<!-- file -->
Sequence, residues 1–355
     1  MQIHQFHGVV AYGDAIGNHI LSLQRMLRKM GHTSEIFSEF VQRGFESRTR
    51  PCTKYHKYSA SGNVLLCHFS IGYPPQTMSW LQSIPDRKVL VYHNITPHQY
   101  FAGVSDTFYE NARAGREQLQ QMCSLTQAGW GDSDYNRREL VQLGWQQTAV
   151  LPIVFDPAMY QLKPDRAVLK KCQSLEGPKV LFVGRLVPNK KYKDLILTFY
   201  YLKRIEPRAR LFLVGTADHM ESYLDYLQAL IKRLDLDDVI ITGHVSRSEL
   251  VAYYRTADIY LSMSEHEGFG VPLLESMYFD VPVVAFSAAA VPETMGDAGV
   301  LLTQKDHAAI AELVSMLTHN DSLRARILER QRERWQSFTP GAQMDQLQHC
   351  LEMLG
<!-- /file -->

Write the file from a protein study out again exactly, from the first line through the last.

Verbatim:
Sequence, residues 1–355
     1  MQIHQFHGVV AYGDAIGNHI LSLQRMLRKM GHTSEIFSEF VQRGFESRTR
    51  PCTKYHKYSA SGNVLLCHFS IGYPPQTMSW LQSIPDRKVL VYHNITPHQY
   101  FAGVSDTFYE NARAGREQLQ QMCSLTQAGW GDSDYNRREL VQLGWQQTAV
   151  LPIVFDPAMY QLKPDRAVLK KCQSLEGPKV LFVGRLVPNK KYKDLILTFY
   201  YLKRIEPRAR LFLVGTADHM ESYLDYLQAL IKRLDLDDVI ITGHVSRSEL
   251  VAYYRTADIY LSMSEHEGFG VPLLESMYFD VPVVAFSAAA VPETMGDAGV
   301  LLTQKDHAAI AELVSMLTHN DSLRARILER QRERWQSFTP GAQMDQLQHC
   351  LEMLG